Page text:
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Need to Know: Five low-risk players the Redskins may consider in the NFL draft

Need to Know: Five low-risk players the Redskins may consider in the NFL draft

Here is what you need to know on this Thursday, April 13, 14 days before the April 27 NFL draft.

Timeline

Days until:

—Offseason workouts begin (4/17) 4
—Redskins rookie camp (5/12) 29
—Redskins OTAs start (5/24) 41
—First Sunday of 2017 season (9/10) 150

Five low-risk picks for the Redskins

Many analysts are wondering how the Redskins’ front office structure, or lack thereof, is going to affect their draft strategy. Some think that the dismissal of Scot McCloughan, which came at an awkward time to say the least, will push the Redskins into a very conservative mode for the draft. The focus will be on players with high floors and not high ceilings, according to this line of thinking.

While I don’t necessarily buy this narrative—I don’t think that Bruce Allen is afraid to take a chance—it’s interesting to examine safe picks. Here are some low-risk picks who might be on the board when the Redskins’ first- and second-round picks are on the clock.

G Forrest Lamp, Western Kentucky—He’ll be able to be plugged in at guard or center and play there the next seven-plus seasons. Lamp won’t excite anyone, particularly Jay Gruden, but he will be a solid contributor.

S Obi Melifonwu, Connecticut—A four-year starter who is very athletic and savvy. Melifonwu has great size (6-4, 224) and is an excellent downhill tackler.

Edge Takkarist McKinley, UCLA—He’s quick and athletic enough to come in and get half a dozen sacks as a rookie. McKinley also has a high motor and a solid work ethic.

S Budda Baker, Washington—A three-year starter for the Huskies, Baker also can cover in the slot. He plays with a passion that makes up for his lack of stature (5-10, 180).

DL Caleb Brantley, Florida—He has the bulk (6-3, 307) to be an asset against the run and the burst to create pressure on the quarterback. Brantley is just the sort of tough, physical lineman that Jim Tomsula could mold into a very productive player.

Stay up to date on the Redskins. Rich Tandler covers the team 365 days a year. Like his Facebook page Facebook.com/TandlerCSN and follow him on Twitter @Rich_TandlerCSN.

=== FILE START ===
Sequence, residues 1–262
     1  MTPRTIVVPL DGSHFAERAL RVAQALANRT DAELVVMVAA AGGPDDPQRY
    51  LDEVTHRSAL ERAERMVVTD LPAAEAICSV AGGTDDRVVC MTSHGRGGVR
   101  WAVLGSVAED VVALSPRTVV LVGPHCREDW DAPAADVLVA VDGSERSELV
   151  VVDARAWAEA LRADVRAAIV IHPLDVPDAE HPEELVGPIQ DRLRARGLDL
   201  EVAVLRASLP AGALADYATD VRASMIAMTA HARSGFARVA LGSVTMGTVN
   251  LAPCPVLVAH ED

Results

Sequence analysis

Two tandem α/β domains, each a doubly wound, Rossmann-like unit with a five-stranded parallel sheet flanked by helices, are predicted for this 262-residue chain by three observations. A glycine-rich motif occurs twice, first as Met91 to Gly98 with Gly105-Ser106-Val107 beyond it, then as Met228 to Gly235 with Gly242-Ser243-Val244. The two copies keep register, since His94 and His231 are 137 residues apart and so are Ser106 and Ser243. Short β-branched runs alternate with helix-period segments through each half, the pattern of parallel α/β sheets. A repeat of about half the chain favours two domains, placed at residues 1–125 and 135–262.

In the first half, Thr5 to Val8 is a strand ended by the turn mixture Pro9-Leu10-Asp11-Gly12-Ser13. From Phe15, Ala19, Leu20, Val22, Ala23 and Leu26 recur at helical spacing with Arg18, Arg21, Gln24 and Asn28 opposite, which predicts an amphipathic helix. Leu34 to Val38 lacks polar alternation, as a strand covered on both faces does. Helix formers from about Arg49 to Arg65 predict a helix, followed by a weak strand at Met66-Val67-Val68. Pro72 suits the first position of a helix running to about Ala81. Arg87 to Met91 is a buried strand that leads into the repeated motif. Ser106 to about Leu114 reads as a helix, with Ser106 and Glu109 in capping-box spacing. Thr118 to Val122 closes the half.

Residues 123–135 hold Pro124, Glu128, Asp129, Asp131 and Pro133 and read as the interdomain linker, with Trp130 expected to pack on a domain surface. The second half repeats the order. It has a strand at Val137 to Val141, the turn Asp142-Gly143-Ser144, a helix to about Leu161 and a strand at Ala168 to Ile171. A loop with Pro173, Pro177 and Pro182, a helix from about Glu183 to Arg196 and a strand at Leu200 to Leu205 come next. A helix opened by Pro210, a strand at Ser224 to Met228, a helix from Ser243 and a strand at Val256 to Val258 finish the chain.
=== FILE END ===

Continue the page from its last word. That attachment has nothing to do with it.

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Arizona State punter Michael Turk dominates the bench press at NFL Combine

Arizona State punter Michael Turk dominates the bench press at NFL Combine

As far as reputations go in the NFL, punters are not generally known as the tough, strong guys on the team.

Arizona State punter Michael Turk is working to change that.

At the NFL Combine on Thursday, Turk stepped up to the bench press with 225 pounds on the bar waiting for him. What did he do? Just casually ripped off 25 reps.

Yes, you are seeing that correctly. A punter just put up 25 reps on the bench press. That number is impressive as is, for anyone of any position. However, let's put it in context to show just how strong Turk is.

Jadaveon Clowney, Chandler Jones and Rob Gronkowski are all known as some of the strongest humans to ever hit the football field. Their bench reps? 21, 22 and 23, respectively. Michael Turk, the punter, out-did them

Turk will need his legs to impress teams and scouts as he looks to head to the NFL, but he clearly has plenty of power in the upper body as well. If whatever team he lands on wants to run a fake punt, defenders won't have an easy time taking him down.

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Report: Trent Williams wants a new deal or a trade from Redskins

Report: Trent Williams wants a new deal or a trade from Redskins

INDIANAPOLIS -- While recent meetings between Redskins head coach Ron Rivera and disgruntled left tackle Trent Williams helped repair the relationship between star player and team, the situation isn't resolved.

In fact, Williams still wants to be traded if he can't get a new contract, according to a new report from NFL Network.

Williams did not play a single snap for Washington in 2019. Not one. That came as the result of a cancer scare that he didn't believe was adequately handled by the Redskins medical staff. He also lost trust in former team president Bruce Allen. Importantly too, Williams wanted a new contract with lots of guaranteed money. 

Rivera has overhauled the Redskins medical staff and Allen is obviously gone from the team, but the contract hurdles remain. 

For the Redskins a new deal for Williams might not make a lot of sense. He will turn 32 in July and hasn't played a full 16-game season since 2013. He's also a great player, so perhaps an extension could make sense. 

The best read on the situation is Williams likely won't play on his current contract, which has one-year remaining and a salary-cap charge of $14.5 million. None of that money is guaranteed. 

Right now, it seems like both sides are playing nice. The Redskins don't want to come out and say they're not going to pay Trent. And Trent's side doesn't want to come out and demand a trade. The meetings with Rivera and Williams mattered in that a resolution that pleases both sides is possible. 

What seems impossible, or at least unlikely at this point, is that Williams wears the Burgundy and Gold this fall unless a new contract emerges.

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